3 Things I Wish I Knew Before University

As I near the end of my third year at Laurier, I have thought a lot about how I felt back in grade 12 before I started this journey. I was scared, unsure and oh so nervous about going to university. I remember feeling like I had no idea what I was doing at the Ontario University Fair, and while I may still feel a little bit like that to this day, I know now that I didn’t need to be as worried as I was. With my fourth year ahead of me, and who knows what else after that, I surprisingly don’t feel the same as I did when university was looming in front of me in 2017. With this, I thought it would be a good idea to share some things I wish I knew before university for anyone who feels the same as me and for those who may be just finishing the first year of their university experience.

  1. 1. Professors are not scary

    We all know the way professors are often depicted in film and TV - strict, mean and not very willing to help students. Well, this depiction is all wrong. Before my first year, I was afraid of what my professors and instructors would be like. But the truth is most professors are not cruel at all. They are friendly, kind and go above and beyond to help their students. Personally, many of my professors have become helpful colleagues in my education and career, giving me opportunities to extend my learning and prepare for my future career. So don’t be afraid to ask for help or attend office hours because staff and faculty are only here to help.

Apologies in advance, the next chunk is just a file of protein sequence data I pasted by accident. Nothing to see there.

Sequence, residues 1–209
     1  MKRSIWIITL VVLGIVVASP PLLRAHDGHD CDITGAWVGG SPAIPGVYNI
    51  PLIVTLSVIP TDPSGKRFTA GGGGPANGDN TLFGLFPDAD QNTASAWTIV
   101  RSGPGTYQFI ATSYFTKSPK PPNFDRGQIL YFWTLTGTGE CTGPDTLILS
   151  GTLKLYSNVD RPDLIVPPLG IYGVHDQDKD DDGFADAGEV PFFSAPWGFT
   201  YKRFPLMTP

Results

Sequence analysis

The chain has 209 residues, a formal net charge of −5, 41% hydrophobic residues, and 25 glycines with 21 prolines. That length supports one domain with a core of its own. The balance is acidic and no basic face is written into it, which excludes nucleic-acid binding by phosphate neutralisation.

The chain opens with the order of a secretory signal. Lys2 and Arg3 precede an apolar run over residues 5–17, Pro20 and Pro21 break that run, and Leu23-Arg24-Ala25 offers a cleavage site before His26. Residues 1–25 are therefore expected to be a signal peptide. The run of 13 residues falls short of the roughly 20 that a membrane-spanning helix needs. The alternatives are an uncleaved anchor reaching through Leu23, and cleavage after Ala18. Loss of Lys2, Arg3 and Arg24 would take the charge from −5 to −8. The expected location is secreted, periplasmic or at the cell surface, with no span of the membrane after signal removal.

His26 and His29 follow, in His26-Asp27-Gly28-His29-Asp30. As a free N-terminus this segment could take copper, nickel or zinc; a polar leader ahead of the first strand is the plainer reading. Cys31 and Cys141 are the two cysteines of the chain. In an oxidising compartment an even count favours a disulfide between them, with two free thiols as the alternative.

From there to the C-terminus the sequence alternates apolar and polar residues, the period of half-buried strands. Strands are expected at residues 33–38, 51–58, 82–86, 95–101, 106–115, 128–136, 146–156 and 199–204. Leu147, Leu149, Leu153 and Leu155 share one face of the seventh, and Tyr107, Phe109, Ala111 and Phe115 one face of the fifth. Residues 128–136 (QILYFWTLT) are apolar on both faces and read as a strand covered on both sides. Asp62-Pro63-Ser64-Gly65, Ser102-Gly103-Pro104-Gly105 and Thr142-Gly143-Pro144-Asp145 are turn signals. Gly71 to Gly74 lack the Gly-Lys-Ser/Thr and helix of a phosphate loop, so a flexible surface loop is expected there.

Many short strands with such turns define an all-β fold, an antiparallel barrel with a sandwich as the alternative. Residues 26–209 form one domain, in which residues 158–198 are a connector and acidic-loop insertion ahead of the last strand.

2. 2. It's all about what you make it

    I have always been shy, and clubs and activities were never my strong suit in high school. When I came to university, I didn’t think I would join any clubs because I wanted to focus on my classes. Here we are, three years in, and I’m part of Her Campus, the yearbook and have participated in a research showcase, workshops and two on-campus jobs. I’ve learned that participating in things outside of your classes is extremely important. You not only meet people and gain experience for your resume, but it makes university as a whole more memorable than just going back and forth from home to class. But, no one is going to force you to do these things, so it is up to you to make an effort to make this experience one that lasts.

  3. 3. You are not alone

    Maybe the biggest thing I have learned over the last three years is that I am not alone. When I was leaving home to move into residence, away from my friends and family, I was scared to be lonely. While there are times when you are physically alone, there are always people there for you, no matter what you need. Whether it’s your friends who support you in academics and social life, professors who help you strengthen your education, the Wellness Centre, Academic Advising or any other service on campus who are there to serve you. Regardless of what you need, there are people at Laurier to help, so don’t be afraid to reach out.

These are just three of the many lessons I have learned in my undergraduate education so far. I hope this helped you reflect on your own experience and dismiss the myths you might think about university.